Tuesday, January 13, 2015

You Are Your Greatest Asset

What you believe to be your greatest setback, is actually your greatest asset. 

Let me explain. 

Say you're an aspiring animator, but you just can't seem to break through and land your dream job. You've been working in retail for the past 10 years selling clothing. You think that the reason why companies aren't hiring you is because of your lack of animation experience. But the reason why they're not hiring you, is because you're not selling your greatest asset. The fact that you worked in retail for 10 years. 

Think about it. You've worked close to 20,000 hours around people. You probably know the ins and outs of every single personality known to man. You've dealt with every conceivable situation in which you were having to make someone else happy. You probably have more stories to tell than your great uncle Joe. You have experience. You have perspective. You have wisdom.

Your ability to draw on those experiences is what sets you apart from the rest. It's not your greatest weakness, it's your greatest ally. So use it. Embrace it. Cherish it. And honor it. 

I wanted to get a job as a hostess at my favorite mexican restaurant in Las Vegas. I had absolutely NO restaurant experience, and the lady interviewing me made a point of bringing that to my attention. "Yes", I told her. "You're right, but I can assure (and promise) you that the experience I've had working with people in my other retail jobs has provided me with everything I need to succeed."

I got the job. 

I ended up hating the job, and left shortly after, but I did it well. I was right. My experiences did prepare me for something completely new. I could have let go of that dream, agreeing with her that I wasn't capable because I had no prior 'experience'. But I believed in myself so strongly that even she was convinced.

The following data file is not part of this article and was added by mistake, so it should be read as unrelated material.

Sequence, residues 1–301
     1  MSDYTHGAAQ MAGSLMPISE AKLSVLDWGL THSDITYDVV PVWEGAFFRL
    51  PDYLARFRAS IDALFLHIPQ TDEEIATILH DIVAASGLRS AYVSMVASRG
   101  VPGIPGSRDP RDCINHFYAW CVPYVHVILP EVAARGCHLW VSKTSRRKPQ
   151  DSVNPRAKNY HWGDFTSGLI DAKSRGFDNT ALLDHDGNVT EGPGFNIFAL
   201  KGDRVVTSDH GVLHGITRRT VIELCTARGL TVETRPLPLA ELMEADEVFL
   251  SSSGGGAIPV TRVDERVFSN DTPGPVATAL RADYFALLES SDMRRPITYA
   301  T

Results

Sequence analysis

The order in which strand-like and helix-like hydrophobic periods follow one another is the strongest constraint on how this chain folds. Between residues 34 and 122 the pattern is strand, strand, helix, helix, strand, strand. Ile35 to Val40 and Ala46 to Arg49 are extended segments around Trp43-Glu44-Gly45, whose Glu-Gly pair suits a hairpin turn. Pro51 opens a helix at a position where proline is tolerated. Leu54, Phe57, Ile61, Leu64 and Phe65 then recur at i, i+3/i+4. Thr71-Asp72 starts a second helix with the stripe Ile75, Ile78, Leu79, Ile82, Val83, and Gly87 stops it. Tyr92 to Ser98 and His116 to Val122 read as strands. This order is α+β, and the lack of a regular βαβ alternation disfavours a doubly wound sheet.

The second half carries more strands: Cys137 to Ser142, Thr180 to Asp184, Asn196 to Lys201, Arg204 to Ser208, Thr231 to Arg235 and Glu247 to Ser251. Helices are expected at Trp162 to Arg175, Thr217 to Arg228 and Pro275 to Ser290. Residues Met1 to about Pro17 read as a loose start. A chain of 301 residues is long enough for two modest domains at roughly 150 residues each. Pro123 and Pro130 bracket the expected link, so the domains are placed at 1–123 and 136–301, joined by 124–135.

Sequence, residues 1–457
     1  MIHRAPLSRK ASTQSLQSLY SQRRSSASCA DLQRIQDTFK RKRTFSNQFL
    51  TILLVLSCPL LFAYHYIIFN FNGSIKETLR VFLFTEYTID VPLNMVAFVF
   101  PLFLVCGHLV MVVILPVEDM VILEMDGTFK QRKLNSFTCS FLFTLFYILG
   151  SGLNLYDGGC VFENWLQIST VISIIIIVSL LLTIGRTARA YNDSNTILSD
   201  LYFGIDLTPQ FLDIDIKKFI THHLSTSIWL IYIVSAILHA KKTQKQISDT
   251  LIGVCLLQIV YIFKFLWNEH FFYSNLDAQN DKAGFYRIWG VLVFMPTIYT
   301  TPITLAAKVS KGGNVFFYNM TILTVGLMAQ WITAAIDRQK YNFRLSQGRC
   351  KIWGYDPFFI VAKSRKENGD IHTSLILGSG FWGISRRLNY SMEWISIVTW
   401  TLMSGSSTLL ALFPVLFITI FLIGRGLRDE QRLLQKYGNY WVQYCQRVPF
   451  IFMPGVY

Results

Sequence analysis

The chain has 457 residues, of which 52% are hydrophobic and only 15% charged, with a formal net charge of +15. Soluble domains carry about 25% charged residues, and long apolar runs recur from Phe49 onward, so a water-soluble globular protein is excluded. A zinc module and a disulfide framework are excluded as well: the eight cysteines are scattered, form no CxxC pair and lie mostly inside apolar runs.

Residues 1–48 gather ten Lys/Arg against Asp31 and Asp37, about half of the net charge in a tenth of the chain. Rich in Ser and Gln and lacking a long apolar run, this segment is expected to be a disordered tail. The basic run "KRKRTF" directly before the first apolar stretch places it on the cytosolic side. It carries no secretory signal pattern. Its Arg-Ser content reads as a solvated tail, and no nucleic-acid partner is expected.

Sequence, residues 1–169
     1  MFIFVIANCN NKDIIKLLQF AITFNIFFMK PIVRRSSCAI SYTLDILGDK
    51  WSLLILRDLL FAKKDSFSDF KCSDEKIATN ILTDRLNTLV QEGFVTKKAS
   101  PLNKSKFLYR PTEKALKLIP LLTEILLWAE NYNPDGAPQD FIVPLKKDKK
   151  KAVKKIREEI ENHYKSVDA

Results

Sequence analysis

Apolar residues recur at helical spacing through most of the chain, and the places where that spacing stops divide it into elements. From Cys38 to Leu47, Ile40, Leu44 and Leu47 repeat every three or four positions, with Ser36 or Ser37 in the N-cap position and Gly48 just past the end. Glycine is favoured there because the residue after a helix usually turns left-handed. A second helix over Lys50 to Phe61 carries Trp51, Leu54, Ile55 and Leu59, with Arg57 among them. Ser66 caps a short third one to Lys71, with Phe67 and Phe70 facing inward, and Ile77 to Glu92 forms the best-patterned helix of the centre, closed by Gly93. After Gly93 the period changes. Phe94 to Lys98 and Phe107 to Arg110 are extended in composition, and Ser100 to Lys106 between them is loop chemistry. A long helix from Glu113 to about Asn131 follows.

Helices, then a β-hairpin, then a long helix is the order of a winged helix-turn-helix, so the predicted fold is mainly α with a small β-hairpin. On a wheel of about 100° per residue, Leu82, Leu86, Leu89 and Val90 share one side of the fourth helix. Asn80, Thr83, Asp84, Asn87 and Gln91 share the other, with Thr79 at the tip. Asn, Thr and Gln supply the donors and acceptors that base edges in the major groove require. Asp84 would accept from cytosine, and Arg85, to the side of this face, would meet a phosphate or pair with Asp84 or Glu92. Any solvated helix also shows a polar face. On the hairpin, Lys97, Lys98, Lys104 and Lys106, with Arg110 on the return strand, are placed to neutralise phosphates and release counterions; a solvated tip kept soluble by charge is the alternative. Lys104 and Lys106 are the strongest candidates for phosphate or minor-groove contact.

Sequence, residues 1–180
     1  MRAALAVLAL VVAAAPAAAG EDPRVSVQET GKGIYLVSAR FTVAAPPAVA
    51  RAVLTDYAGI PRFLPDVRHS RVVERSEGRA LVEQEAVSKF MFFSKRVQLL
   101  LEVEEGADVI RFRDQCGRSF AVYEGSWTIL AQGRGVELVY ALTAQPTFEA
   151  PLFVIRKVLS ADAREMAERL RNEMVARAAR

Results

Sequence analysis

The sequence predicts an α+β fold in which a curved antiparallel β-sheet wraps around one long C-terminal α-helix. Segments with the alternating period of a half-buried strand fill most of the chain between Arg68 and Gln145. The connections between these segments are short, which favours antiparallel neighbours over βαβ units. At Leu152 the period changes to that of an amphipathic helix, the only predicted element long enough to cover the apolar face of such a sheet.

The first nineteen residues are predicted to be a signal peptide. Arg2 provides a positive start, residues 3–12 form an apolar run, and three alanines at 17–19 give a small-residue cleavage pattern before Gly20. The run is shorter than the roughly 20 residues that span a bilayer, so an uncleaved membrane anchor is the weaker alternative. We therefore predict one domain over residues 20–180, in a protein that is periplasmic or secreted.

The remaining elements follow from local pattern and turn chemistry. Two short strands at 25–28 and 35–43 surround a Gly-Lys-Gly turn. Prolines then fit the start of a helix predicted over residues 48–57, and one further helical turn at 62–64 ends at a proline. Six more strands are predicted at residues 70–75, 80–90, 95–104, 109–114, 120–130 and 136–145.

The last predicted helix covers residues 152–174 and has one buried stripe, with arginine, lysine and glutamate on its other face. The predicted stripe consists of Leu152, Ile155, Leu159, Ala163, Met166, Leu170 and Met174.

You must do the same with any job or career you choose to work towards. Your experiences, your knowledge, your wisdom, and your perspective are all the preparation you need. Now, of course, you may need to go to medical school or rocket science school if you want to become a doctor or an astrophysicist. I get that. But don't hold yourself back from chasing those dreams simply because you never studied math or science in the past. If that's what you truly want, use your experiences as the foundation - the fuel - to propel you toward your goal.

You are uniquely you. Don't be ashamed of the choices you made in the past. They shaped into who you are today. Pardon me for the cliché message, but it's true. You know it. So let it guide you. Let it be a part of you. And don't be afraid to share it with the world. You are your greatest asset.

Monday, January 12, 2015

The Importance of Self Preservation

It's kind of an odd phrase: self-preservation. It's an interesting concept. Preserving the self. What does that even mean? 

I like to think of the self as the part of us that is aware. The conciousness of our every-day. Our soul. 

So let's rephrase this: soul-preservation. Preserving the soul. But the soul is boundless, limitless, eternal. It doesn't need preservation, right? It should be able to function just fine on its own. But who are we when we lose connection with our deepest, truest selves? When we feel life-less, soul-less, uninspired, and minute, what has caused that? What brings us back into balance - back into life? 
The re-alignment with our soul. Our spirit. Our true self. 

So the preservation is really the acknowledgement and re-association with our self. It's the reminder that it exists. That if it isn't honored or considered, we become deadened. So how do we become 'whole' again? And why is it important to do so?

Well, I think we've all experienced what it feels like to live out of alignment. And while it may seem like an obvious thing to make adjustments, sometimes we go so long living out of whack, that we start to believe that the pain we're feeling is completely normal. We don't even think we need to be fixed, until it's too late. Once we start making mistakes (and no one area of our life is safe - they're all effected), that's we recognize that something is wrong, and maybe we decide to  take action. Or at least we should.